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Oil Burner Disconnect


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Does anyone know the origin of the convention which places a disconnect for the oil burner at the top of the basement stairs?

Yesterdays inspection had one (1997), my parents had one (1914), but I've seen others both older and newer that only had the service disconnect on the furnace cabinet (required).

Just curious.

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NFPA 31 requires 2 disconnects*.

One is a "service disconnect switch" that is within easy reach of the service tech.

The other is a labelled switch near the entrance to the room where the burner is located. An unfinished basement is the "room", so near the entrance at the top of the stairs is the required location.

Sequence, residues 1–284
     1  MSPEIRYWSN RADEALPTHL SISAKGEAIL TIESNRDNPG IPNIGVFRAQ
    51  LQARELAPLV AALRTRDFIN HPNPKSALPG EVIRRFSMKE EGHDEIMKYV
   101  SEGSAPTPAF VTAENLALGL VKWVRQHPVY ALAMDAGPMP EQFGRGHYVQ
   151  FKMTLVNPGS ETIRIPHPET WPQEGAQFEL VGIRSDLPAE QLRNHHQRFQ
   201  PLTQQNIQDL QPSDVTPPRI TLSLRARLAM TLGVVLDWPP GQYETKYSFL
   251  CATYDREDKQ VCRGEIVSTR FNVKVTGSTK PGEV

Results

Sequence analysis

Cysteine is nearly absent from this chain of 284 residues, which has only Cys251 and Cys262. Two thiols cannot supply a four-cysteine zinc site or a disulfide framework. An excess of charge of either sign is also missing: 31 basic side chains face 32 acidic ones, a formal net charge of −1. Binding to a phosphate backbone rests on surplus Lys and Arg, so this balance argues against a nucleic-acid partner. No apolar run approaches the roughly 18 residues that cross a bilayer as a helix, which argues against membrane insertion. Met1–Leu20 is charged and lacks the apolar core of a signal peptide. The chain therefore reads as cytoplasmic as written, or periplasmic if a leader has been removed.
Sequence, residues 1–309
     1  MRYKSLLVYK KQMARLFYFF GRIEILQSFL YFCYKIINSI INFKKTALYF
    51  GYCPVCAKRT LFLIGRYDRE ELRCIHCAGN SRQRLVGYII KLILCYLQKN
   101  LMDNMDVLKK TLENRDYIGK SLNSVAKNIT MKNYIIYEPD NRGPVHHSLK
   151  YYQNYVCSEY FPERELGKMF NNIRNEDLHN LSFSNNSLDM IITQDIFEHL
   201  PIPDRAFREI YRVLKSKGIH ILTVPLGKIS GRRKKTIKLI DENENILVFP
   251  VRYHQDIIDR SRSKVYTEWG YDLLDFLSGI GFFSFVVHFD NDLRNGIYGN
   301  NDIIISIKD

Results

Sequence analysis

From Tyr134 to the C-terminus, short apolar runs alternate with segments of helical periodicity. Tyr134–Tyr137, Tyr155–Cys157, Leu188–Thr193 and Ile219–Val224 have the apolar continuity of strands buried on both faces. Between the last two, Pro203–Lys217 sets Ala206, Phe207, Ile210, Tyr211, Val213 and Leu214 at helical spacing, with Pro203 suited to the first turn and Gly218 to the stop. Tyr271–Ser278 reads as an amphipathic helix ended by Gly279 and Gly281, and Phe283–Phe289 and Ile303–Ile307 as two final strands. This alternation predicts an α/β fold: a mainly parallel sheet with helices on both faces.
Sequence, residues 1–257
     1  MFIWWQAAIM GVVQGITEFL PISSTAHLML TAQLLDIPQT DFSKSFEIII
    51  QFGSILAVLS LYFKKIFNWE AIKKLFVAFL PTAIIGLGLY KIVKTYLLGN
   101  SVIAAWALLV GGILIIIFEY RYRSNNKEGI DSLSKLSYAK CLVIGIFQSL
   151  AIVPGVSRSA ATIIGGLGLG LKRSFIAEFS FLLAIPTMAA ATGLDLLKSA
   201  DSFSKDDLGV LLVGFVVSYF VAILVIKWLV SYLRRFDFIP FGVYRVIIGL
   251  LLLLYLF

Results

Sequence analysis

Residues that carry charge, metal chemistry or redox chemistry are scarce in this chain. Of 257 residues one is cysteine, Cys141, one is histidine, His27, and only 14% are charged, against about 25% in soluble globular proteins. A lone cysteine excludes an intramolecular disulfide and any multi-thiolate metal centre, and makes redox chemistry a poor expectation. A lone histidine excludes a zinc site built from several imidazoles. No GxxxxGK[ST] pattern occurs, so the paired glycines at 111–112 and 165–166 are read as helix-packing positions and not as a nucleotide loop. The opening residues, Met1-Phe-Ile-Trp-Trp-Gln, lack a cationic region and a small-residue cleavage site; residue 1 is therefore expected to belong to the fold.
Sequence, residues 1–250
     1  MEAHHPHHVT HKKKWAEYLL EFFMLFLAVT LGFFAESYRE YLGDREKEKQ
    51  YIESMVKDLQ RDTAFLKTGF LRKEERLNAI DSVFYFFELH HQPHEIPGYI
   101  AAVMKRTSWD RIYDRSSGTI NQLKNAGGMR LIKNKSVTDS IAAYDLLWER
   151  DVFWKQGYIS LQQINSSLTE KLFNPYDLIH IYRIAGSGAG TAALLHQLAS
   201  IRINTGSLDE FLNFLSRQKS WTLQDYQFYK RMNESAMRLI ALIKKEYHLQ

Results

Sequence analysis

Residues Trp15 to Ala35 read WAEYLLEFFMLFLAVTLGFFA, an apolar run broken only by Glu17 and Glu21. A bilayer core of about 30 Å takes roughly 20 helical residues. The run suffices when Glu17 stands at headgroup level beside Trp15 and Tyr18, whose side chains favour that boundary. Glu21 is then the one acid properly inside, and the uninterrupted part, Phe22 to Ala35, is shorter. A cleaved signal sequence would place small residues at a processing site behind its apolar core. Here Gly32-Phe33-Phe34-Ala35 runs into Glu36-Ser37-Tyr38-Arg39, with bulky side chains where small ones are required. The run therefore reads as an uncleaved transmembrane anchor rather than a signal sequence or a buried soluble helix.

*The remote disconnect does not have to be an electrical switch, if there is a way to manually stop the flow of oil to the burner, located at a safe distance from the burner.

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Thanks Jim and Bill.

I am trying to figure out how or if NFPA 31 is incorporated in the Md Fire code. One assumes it may have been at one time or may still be, hence the many installations that have two disconnects.

My 2006 copy of the MD fire code only shows it incorporates NFPA 1, Uniform Fire Code (2006 Edition) and NFPA 101, Life Safety Code (2006).

So, does anyone have a quick synopsis of how these publications fit together or are organized?

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